Vitamin D and Crohn’s Disease

Direct and Indirect Induction by 1,25-Dihydroxyvitamin D3 of the NOD2/CARD15-Defensin β2 Innate Immune Pathway Defective in Crohn Disease*

1. Tian-Tian Wang‡,
2. Basel Dabbas‡,
3. David Laperriere§¶,
4. Ari J. Bitton‡,
5. Hafid Soualhine‖**,
6. Luz E. Tavera-Mendoza‡,
7. Serge Dionne‡‡§§,
8. Marc J. Servant¶¶,
9. Alain Bitton‡‡,
10. Ernest G. Seidman‖‡‡§§,
11. Sylvie Mader§¶,
12. Marcel A. Behr‖**‡‡ and
13. John H. White‡‡‡,1

+ Author Affiliations

From the Departments of ‡Physiology and
‖Montreal General Hospital,
**Division of Infectious Diseases and Medical Microbiology, and
§§Division of Gastroenterology, McGill University, Montreal, Quebec H3G 1Y6 and
the §Department of Biochemistry,
¶Institute for Research in Immunology and Cancer, and
¶¶Faculty of Pharmacy, University of Montreal, Montreal, Quebec H3C 3J7, Canada

1. 1 To whom correspondence should be addressed:
Dept. of Physiology, McGill University, 3655 Drummond St. Montreal, Quebec H3G 1Y6, Canada.
Tel.: 514-398-8498; Fax: 514-398-7452; E-mail:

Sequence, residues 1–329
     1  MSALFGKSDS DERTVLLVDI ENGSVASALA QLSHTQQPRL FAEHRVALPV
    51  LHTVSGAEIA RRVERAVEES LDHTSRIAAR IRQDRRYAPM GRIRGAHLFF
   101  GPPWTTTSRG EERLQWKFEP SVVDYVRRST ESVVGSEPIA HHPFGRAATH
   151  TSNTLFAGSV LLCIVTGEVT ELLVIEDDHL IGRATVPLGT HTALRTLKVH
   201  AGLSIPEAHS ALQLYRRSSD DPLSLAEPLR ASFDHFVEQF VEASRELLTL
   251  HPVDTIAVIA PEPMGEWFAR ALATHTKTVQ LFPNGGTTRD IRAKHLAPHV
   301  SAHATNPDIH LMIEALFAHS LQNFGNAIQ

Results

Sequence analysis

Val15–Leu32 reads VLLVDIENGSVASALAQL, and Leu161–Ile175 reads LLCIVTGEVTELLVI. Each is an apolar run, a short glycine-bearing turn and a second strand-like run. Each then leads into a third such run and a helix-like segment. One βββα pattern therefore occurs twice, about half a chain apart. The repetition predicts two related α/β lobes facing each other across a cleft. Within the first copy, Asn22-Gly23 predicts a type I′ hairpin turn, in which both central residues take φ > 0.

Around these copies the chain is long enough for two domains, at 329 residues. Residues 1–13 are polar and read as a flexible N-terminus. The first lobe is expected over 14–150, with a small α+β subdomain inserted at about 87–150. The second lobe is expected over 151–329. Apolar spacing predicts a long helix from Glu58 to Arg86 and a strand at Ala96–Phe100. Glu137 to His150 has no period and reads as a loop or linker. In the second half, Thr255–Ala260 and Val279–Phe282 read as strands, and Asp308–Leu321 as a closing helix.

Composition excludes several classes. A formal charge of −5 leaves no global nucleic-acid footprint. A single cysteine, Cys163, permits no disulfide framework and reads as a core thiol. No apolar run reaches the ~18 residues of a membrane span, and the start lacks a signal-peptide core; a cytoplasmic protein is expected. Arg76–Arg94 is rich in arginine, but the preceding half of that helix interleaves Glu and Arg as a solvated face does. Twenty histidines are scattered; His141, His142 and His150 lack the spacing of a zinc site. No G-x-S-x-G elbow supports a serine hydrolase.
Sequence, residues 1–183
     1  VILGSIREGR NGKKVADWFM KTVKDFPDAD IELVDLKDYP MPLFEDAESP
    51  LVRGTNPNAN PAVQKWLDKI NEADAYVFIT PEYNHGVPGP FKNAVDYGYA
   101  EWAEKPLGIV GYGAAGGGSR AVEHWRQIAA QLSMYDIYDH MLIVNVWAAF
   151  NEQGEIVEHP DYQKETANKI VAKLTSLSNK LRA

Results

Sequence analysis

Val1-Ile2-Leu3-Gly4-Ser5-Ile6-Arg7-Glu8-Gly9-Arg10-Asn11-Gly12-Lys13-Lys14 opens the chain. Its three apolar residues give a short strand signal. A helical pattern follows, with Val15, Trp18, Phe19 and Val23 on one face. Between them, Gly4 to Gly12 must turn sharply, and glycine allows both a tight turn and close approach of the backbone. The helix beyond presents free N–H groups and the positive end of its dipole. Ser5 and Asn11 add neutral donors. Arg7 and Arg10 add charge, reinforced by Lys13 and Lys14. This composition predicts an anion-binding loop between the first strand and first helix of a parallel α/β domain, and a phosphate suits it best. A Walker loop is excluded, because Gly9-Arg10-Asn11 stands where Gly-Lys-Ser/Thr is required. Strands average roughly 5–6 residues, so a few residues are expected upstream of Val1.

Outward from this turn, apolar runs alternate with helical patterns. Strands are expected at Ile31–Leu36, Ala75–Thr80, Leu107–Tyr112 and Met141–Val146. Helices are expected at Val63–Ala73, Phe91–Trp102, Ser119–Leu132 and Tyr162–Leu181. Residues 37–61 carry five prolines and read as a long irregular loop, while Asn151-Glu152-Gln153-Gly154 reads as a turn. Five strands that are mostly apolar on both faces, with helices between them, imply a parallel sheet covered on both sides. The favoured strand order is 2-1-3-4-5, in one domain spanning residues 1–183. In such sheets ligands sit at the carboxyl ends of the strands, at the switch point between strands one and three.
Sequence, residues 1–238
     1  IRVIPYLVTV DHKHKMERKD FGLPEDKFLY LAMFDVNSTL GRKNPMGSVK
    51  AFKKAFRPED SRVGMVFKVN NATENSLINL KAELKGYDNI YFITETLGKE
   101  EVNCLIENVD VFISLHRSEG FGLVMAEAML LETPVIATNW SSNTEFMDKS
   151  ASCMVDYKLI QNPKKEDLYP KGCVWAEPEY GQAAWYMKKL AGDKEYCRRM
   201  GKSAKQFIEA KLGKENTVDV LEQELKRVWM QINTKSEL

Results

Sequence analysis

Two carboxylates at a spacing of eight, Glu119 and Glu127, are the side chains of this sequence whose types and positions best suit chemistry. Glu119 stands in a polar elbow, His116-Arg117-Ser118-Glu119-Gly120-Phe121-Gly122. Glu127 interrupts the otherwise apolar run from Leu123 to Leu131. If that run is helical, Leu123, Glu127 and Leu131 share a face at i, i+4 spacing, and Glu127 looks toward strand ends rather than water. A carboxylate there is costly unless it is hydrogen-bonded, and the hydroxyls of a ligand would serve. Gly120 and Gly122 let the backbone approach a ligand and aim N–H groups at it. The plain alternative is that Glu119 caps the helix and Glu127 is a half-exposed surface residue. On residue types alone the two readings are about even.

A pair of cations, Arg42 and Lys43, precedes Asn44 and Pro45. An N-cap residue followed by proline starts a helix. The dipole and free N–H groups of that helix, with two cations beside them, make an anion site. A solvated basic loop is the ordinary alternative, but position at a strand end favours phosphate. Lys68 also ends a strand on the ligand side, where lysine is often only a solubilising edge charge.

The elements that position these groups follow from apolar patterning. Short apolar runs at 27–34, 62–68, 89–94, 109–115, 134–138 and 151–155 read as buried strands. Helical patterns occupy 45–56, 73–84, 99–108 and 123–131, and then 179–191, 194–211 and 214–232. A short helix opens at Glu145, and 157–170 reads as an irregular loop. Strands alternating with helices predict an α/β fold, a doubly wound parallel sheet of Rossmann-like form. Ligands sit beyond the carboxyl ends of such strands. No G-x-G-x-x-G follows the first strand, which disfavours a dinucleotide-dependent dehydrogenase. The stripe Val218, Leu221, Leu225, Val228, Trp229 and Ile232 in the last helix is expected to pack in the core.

Vitamin D signaling through its nuclear vitamin D receptor has emerged as a key regulator of innate immunity in humans. Here we show that hormonal vitamin D, 1,25-dihydroxyvitamin D3, robustly stimulates expression of pattern recognition receptor NOD2/CARD15/IBD1 gene and protein in primary human monocytic and epithelial cells. The vitamin D receptor signals through distal enhancers in the NOD2 gene, whose function was validated by chromatin immunoprecipitation and chromatin conformation capture assays. A key downstream signaling consequence of NOD2 activation by agonist muramyl dipeptide is stimulation of NF-κB transcription factor function, which induces expression of the gene encoding antimicrobial peptide defensin β2 (DEFB2/HBD2). Pretreatment with 1,25-dihydroxyvitamin D3 synergistically induced NF-κB function and expression of genes encoding DEFB2/HBD2 and antimicrobial peptide cathelicidin in the presence of muramyl dipeptide. Importantly, this synergistic response was also seen in macrophages from a donor wild type for NOD2 but was absent in macrophages from patients with Crohn disease homozygous for non-functional NOD2 variants. These studies provide strong molecular links between vitamin D deficiency and the genetics of Crohn disease, a chronic incurable inflammatory bowel condition, as Crohn’s pathogenesis is associated with attenuated NOD2 or DEFB2/HBD2 function.

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